After a year in Korea, I received a mysterious letter informing me that I met the requirements for an unspecified position in US Army Special Operations Command (USASOC). Next thing I knew, I was at Ft. Bragg, in North Carolina, engaged in a rigorous training program. The job was just too cool to pass up, so upon graduating from the program, I re-enlisted and spent four incredible years at USASOC. I had the chance to try all sorts of things, from ice-climbing and dog-sledding to offensive driving and survival school. My nickname was “Spock” because I was always lugging books along on these trips. I read about particle physics as much as I could, but I knew that I couldn’t understand the stuff I really wanted to know without a more formal physics education.

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Dog sledding in Colorado as part of USASOC winter training.

In 2006 I was invited to try out for the United States Army Parachute Team, aka the Golden Knights. This was another one-of-a-kind life experience, so I re-enlisted a third time, swearing that it would be my last. I spent two years doing parachute demonstrations all over the country, and one year competing in parachute accuracy.

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In December of 2009 I left active duty and joined the Reserves, which allowed me to study physics full time at North Carolina State University without giving up my Army retirement. The Reserves proved difficult to juggle with school. I fielded calls from my commander between classes. I fought to schedule my two weeks of annual training between the regular school year and summer internships and spent a full weekend every month playing Army instead of studying or getting homework done. Hopefully it will pay off but it has not been easy.

I also still have a habit of jumping out of airplanes. Before leaving active duty I placed fifth in parachute accuracy at the US Parachute Association National Skydiving Championships, earning a spot on the United States Skydiving Team. I skipped the first three weeks of my sophomore year to travel to Nicsik, Montenegro, and compete at the 31st Fédération Aéronautique Internationale World Style and Accuracy Parachuting Championships. I didn’t get an individual medal, but my team earned second place. I never really got caught up that semester but I think the experience was worth it.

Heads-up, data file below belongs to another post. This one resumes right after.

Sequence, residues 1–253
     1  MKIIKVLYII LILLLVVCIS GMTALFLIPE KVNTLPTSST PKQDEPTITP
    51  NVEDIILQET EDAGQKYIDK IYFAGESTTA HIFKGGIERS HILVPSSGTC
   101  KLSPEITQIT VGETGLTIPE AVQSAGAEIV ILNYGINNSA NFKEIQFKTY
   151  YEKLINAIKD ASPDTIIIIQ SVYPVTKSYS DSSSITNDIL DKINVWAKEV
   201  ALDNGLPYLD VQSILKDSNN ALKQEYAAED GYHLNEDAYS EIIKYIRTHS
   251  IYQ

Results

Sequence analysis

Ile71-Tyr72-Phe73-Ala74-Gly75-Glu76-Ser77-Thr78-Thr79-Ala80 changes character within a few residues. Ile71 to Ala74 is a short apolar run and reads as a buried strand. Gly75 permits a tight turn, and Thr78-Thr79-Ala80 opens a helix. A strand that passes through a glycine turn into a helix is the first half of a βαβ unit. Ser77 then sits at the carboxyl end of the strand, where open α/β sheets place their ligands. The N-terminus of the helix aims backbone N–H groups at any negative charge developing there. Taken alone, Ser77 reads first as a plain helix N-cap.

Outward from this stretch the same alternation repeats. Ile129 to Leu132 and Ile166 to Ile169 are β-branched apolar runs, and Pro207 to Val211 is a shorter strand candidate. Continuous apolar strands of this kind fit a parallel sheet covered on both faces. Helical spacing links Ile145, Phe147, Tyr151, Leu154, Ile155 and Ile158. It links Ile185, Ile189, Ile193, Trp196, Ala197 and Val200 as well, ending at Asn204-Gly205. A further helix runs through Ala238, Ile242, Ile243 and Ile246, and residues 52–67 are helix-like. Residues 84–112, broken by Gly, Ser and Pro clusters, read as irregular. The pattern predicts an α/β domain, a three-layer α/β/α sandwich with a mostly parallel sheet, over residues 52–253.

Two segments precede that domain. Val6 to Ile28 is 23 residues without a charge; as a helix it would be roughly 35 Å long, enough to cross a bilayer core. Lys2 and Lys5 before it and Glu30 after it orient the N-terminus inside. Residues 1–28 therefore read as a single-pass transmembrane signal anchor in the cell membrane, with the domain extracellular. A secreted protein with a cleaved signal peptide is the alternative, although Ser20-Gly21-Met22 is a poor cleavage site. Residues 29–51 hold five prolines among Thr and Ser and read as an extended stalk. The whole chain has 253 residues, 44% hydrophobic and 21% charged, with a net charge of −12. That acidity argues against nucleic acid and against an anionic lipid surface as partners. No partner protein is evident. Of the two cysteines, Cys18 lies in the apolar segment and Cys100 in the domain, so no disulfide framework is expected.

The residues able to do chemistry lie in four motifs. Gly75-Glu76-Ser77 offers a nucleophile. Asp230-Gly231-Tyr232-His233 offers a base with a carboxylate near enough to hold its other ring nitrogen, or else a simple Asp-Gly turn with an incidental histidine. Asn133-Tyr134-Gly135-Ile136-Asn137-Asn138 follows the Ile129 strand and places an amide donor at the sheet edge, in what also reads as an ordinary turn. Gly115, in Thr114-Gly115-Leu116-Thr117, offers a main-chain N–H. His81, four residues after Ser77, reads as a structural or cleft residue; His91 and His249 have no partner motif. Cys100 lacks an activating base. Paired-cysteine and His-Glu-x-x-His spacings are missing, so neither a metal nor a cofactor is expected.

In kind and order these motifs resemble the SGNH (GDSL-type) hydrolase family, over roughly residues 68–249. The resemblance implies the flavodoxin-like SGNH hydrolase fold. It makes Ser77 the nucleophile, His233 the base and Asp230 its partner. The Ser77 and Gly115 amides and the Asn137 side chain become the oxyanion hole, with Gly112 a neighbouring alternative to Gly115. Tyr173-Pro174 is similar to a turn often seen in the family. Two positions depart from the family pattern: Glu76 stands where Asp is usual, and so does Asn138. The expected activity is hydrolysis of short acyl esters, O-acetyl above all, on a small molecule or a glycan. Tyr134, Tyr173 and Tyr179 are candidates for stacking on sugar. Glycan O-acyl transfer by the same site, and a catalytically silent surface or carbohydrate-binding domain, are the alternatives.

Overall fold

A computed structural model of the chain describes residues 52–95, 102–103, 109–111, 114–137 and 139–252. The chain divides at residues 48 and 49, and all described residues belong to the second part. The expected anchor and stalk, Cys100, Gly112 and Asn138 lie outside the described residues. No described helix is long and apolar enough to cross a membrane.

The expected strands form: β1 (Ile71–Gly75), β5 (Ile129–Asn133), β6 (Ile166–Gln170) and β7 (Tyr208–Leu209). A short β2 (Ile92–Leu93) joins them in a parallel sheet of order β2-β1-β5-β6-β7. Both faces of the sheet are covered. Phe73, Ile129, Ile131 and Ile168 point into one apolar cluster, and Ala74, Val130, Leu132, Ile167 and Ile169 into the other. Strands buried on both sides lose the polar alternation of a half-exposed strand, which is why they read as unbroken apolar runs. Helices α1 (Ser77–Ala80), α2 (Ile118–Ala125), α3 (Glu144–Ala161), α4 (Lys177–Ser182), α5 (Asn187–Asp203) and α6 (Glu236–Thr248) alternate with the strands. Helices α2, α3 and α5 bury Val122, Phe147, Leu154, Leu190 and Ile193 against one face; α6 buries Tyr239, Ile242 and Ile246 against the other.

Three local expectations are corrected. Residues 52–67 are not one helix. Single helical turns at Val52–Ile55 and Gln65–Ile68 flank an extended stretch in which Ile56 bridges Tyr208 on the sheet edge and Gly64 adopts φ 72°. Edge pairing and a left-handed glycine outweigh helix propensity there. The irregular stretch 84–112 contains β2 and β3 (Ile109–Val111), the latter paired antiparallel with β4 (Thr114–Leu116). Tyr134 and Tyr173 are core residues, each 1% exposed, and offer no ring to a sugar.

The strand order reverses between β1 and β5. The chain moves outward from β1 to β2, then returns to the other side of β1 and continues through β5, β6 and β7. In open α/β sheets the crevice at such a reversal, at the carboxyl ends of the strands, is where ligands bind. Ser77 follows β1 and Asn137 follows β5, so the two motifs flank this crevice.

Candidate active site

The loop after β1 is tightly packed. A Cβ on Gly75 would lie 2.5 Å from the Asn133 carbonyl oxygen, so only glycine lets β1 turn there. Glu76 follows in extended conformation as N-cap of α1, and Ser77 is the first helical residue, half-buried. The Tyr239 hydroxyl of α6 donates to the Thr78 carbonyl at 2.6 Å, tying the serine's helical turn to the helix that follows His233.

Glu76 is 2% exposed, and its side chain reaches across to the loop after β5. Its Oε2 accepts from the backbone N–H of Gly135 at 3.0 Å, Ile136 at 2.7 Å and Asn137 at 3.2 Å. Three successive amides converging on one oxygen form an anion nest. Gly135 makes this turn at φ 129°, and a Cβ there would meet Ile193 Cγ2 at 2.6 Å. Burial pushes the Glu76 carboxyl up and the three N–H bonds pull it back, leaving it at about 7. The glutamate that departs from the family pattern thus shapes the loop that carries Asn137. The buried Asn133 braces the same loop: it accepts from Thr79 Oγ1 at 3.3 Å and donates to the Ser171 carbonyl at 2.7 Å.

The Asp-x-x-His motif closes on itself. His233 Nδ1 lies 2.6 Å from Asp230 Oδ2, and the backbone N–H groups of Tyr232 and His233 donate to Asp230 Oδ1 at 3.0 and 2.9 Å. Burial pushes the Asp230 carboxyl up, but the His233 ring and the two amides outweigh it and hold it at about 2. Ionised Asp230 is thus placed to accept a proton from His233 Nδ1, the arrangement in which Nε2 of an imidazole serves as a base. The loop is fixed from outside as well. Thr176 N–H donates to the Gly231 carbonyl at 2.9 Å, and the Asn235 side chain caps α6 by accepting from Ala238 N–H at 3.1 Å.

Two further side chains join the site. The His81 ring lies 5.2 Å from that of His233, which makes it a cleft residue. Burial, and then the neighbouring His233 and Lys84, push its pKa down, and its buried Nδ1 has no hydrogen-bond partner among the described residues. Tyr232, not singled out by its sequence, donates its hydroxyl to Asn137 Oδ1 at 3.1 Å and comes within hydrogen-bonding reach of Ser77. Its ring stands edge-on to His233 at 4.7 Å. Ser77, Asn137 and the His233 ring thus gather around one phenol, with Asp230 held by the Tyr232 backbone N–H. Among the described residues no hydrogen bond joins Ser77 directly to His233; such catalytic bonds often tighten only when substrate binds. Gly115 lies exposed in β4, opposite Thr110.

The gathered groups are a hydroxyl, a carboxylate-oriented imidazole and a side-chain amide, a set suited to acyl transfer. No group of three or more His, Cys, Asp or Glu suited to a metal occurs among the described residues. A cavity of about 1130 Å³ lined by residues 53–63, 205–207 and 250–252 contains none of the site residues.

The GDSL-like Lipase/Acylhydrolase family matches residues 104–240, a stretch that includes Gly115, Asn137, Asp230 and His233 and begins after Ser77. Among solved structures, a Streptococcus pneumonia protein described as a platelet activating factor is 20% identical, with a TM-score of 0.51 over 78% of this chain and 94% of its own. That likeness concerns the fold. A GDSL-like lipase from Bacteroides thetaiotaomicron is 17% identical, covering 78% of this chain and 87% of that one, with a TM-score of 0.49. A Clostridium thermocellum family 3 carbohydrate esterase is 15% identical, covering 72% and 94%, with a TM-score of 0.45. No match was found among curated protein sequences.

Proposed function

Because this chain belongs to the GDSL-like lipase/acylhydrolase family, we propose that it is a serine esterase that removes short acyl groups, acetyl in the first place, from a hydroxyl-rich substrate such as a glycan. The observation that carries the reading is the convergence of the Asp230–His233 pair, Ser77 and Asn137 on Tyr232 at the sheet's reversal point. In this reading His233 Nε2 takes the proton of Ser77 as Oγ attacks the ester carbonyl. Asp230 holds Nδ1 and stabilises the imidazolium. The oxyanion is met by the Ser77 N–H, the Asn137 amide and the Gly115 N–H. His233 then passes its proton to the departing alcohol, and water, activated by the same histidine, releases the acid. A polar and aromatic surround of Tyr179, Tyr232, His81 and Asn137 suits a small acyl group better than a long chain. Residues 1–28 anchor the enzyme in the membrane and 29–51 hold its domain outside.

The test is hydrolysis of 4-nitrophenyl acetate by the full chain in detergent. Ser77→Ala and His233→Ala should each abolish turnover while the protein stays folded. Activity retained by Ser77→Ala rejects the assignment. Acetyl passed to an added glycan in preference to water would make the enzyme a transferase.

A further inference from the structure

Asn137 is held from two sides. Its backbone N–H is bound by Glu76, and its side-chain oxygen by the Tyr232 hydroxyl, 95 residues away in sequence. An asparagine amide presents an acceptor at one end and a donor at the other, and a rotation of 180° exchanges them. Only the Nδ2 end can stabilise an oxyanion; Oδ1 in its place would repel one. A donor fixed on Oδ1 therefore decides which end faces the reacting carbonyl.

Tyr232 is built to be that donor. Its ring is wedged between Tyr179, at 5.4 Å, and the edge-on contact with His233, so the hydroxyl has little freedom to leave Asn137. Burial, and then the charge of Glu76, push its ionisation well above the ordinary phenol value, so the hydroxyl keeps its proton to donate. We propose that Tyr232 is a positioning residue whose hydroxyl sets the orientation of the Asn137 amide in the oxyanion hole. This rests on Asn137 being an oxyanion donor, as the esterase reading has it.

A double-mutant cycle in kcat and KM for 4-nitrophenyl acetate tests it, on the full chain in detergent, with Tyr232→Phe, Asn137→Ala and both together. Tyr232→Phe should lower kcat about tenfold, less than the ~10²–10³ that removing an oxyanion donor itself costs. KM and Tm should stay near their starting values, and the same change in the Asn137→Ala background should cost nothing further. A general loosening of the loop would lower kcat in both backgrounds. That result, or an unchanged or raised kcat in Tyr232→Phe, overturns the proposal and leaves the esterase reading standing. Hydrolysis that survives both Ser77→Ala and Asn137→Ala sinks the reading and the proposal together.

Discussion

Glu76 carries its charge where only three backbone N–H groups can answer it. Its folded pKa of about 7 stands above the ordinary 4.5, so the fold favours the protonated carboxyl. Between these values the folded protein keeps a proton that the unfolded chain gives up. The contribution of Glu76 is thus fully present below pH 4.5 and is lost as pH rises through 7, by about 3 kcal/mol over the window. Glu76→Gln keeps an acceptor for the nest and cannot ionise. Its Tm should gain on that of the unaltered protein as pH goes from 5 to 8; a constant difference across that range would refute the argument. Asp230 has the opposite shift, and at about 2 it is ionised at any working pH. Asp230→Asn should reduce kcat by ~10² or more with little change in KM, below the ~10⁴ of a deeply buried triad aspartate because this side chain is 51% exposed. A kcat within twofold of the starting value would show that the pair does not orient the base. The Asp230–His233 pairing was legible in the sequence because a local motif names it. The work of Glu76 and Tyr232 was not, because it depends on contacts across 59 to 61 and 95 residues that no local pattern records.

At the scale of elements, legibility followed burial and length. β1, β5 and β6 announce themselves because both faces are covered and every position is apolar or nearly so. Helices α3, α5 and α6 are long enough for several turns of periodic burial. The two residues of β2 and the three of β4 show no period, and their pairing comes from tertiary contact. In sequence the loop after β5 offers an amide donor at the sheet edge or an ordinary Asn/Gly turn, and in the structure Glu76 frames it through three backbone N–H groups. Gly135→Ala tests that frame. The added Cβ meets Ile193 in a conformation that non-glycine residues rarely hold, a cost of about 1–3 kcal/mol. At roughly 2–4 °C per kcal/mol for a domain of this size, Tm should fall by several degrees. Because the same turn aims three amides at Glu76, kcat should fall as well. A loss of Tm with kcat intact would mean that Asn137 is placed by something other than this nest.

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I managed to do some physics along the way, too! I did internships at Fermilab and Jefferson Lab, as well as some undergraduate research at NC State. I’ve tried computational and experimental particle physics, theoretical nuclear physics, and astrophysics. Given my history of casting a broad net, it is going to be really tough for me to settle down to just one topic for my PhD!!

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With my Beagles Hude (left) and Aerial (right) at Jefferson Lab.

But at least I have gotten this far. Like I said, if you had told me back in high school that this is where I would end up, I would have thought you were crazy. It has been a long, winding, and often difficult road, but it has been full of adventures that I will never regret.

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About Khalida Hendricks

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Lexi, Huda, and Aerial.

It’s hard to believe sometimes but I now have 12.5 years of active duty and 18 years of total Army service. I plan to continue with the Reserves at least until I hit 20 years so I can get a retirement out of it. I have three beagles and two cats and I like to compete with my dogs in events such as obedience, agility, Barn Hunt, and other dog sports, whenever possible. Also I still get to do occasional parachute demonstrations as a member of the All Veteran Parachute Team, which was founded by one of my Golden Knights friends. I am currently studying particle physics, quantum field theory, and astroparticle physics as a PhD student at The Ohio State University.